Daily Fishing and Outdoor Report

Thursday, September 19, 2019: Things still sassy out there -- wind and waves. Hurricane swells somewhat in play.

"Where's your beach buggy permit, dude?!"

Thursday, September 19, 2019: Things still sassy out there -- wind and waves. Hurricane swells somewhat in play.

We’ll be settling into a decently fishable pattern, both boat and beach. Look for some rather toasty air temps for the weekend. This could spark bathers to try the ocean out. Please read my weekly column regarding surfcasters playing an important look-out role, watching for bathers in distress.Weekly read: https://www.thesandpaper.net/p/big-post-season-surf-will-remain-dea...

Ocean has cooled, dropping to below 70 for the first time in many weeks.
Prewarning: We will see a stint of west winds beginning tomorrow and likely extending into midday Saturday. It has already been a nastily dense biting fly year. It hasn’t been taking long for insufferable slews of flies to get blown in. I menton this fir folks thinking of doing the south end during the weekend,. Might want to wait until brisk SEwinds kick in on Saturday, prior to a cold front arrival. As fast as the flies blew in, they blow out – back to the mainland stables. Stables? Yep, our black flies ae technically called stable flies.

The suds are offering a mixed bag of blues, weakies, kingfish and some exotics, like Spanish mackerel and a caught/released cobia.
I won’t over-present it but there are seemingly some larger blues moving into the surfline and nearshore mix. Might this mean the 2019 Long Beach Island Surf Fishing Classic will have slammer s again? Get signing up, pronto.
A quick re-mention that buggying Holgate gets really tricky as high tide, down around the 8,000-foot mark. Making matter worse there is a solid sand wall toward the uplands. This pins a buggy flush to the inrushing ocean. You get bogged down there and it surely means the engine will get flooded … literally.

While on patrol today near Sakonnet Point, Environmental Police Officers from DEM’s Division of Law Enforcement conducted two boardings that resulted in the arrest of tautog poachers.

The first poacher was found in possession of 41 tautog - 31 of which were undersized. The second was in possession of 15 tautog - 14 of which were undersized. Both men were charged with possession over the limit and possession of undersized tautog.

Most of the seized fish were returned to the water. The rest were donated to The Amos House in Providence. Adhering to the rules is not only good for the health of our fisheries, it’s the law.

Find possession and size limits for recreational fishing at http://www.dem.ri.gov/marine and report any violations to our dispatch center (401) 222-3070.

Help us protect what is yours for the next generation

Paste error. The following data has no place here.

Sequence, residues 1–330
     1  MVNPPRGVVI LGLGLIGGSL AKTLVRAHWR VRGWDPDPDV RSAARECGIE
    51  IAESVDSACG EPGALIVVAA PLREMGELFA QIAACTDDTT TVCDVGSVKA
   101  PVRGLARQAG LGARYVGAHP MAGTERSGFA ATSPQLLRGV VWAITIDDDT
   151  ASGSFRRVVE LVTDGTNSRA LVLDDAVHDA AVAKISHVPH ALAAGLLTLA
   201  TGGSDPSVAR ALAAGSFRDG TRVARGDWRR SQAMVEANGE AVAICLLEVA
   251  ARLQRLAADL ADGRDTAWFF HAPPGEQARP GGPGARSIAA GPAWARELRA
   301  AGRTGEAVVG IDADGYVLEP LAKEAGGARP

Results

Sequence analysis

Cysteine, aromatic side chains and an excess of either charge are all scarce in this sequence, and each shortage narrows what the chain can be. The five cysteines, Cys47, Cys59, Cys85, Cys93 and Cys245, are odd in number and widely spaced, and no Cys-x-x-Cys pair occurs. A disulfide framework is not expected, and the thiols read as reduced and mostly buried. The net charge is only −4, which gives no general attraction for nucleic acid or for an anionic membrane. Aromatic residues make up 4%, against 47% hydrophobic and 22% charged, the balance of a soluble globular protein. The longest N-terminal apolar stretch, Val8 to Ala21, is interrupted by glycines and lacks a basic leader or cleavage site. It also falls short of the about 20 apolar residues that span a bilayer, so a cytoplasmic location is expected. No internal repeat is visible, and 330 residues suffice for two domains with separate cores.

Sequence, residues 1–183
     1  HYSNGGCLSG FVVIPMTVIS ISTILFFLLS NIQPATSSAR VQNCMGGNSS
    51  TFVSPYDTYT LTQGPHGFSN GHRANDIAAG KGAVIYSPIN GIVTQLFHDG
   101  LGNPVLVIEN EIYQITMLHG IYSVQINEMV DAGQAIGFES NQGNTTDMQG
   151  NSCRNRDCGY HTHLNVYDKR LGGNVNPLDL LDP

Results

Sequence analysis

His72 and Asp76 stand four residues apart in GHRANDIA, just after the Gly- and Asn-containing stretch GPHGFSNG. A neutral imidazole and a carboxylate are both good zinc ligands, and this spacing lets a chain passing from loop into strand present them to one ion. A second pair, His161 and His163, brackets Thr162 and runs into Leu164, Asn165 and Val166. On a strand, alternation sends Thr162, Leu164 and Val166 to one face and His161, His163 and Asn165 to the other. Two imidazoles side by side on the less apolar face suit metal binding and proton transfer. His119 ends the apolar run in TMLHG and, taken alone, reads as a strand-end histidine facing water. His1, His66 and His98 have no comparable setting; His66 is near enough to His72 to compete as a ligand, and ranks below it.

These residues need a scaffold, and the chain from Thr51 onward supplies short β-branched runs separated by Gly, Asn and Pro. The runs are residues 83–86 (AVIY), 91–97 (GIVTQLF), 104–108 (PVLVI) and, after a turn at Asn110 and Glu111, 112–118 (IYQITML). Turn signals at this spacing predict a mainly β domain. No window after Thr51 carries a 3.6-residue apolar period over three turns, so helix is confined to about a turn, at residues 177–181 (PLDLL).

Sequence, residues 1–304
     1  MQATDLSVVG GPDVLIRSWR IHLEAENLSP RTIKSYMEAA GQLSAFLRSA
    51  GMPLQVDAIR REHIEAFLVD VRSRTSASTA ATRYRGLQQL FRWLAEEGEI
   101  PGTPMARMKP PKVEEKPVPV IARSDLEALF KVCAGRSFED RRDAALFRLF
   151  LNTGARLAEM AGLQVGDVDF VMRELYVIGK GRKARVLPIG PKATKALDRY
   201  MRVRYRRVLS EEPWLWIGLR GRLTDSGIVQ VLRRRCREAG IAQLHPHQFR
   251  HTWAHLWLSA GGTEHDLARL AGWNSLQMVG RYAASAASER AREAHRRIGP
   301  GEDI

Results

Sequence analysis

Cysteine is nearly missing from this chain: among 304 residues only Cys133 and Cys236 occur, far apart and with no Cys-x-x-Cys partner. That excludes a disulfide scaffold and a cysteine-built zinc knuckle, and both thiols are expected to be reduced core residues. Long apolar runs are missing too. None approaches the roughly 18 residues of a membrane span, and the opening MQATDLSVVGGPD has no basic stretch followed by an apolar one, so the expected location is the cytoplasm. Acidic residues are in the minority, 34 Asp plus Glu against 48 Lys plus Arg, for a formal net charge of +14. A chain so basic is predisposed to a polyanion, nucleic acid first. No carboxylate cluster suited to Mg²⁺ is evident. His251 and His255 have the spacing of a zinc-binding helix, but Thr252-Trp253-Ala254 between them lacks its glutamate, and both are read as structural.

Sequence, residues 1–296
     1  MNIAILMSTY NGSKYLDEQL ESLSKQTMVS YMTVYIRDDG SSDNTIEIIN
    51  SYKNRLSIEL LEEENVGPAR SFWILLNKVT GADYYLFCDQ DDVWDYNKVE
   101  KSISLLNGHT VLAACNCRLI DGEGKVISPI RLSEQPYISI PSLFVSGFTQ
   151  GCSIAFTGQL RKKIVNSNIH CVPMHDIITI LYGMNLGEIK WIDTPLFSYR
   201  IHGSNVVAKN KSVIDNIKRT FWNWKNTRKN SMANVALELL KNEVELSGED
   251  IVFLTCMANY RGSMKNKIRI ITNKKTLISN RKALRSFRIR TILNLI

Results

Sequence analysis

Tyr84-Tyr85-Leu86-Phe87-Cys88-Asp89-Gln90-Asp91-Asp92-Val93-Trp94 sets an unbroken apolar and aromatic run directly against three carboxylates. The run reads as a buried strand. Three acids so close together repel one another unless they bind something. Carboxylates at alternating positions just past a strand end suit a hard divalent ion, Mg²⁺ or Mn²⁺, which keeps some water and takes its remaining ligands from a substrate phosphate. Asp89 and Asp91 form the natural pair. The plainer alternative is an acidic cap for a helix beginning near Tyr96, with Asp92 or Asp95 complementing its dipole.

You heard it in  here first:

Offshore wind farm developer secures approval to connect to Oyster Creek

Oyster Creek was New Jersey's first nuclear generation station, opened in 1967. (Emma Lee/WHYY)

A proposed offshore wind farm could revive the closed Oyster Creek Nuclear Generating Station in Ocean County.

The Danish offshore wind company Ørsted has secured rights from the New Jersey Board of Utilities to connect its proposed “Ocean Wind Project” farm 15 miles east of Atlantic City to the Oyster Creek plant for regional energy distribution, according to an NJ Spotlight report.

New Jersey Sierra Club Director Jeff Tittel lauded the approval.

“Oyster Creek is a very good location for Orsted to build an offshore wind farm. There are sub stations and power lines already in place to connect to. This is important to get the power on land without building any more power lines,” he said in a prepared statement.

The nuclear plant in Lacey Township went offline last September.

Ørsted representatives previously said that the $1.6 billion project could produce up to 1,100 megawatts of energy, powering an estimated 500,000 homes, and bring 100 permanent jobs during the wind farm’s expected 25-year life cycle.

The company launched the world’s first offshore wind farm in 1991 and owns and operates the U.S. firm’s offshore wind farms near Block Island, Rhode Island. Ørsted hopes to have the Ocean Wind Project online by 2024.

Gov. Phil Murphy’s administration has set a goal of 3,500 megawatts of offshore wind generation by 2030, or enough to power more than 1.5 million homes. The governor wants a 100-percent clean energy state by 2050.


Cheri Hebert, member of Village Harbor FC, with a 3lb 5oz weakfish caught on mullet


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Have you seen a coyote?
The coyote was not always a native of New Jersey.
The coyote extended its range north and east across Canada from the mid-west. In 1939 the first record of a coyote in New Jersey was documented near Lambertville, Hunterdon County! The species may have bred with gray wolves, emerged into the New England states and extended its range south through New Jersey. However, evidence suggests at least some coyotes were imported from western states by people. Contrary to popular opinion, NJ Fish and Wildlife has NEVER imported coyotes for any reason at any time!

These coyotes are not first generation crosses of dogs and coyotes or "coy-dogs", but are a definite coyote strain. This strain has more variations in fur color and a larger body size than their western counterpart. Color variations in NJ coyotes range from the typical “western” coyote gray-tan through almost white to reddish to black. And, everything in between.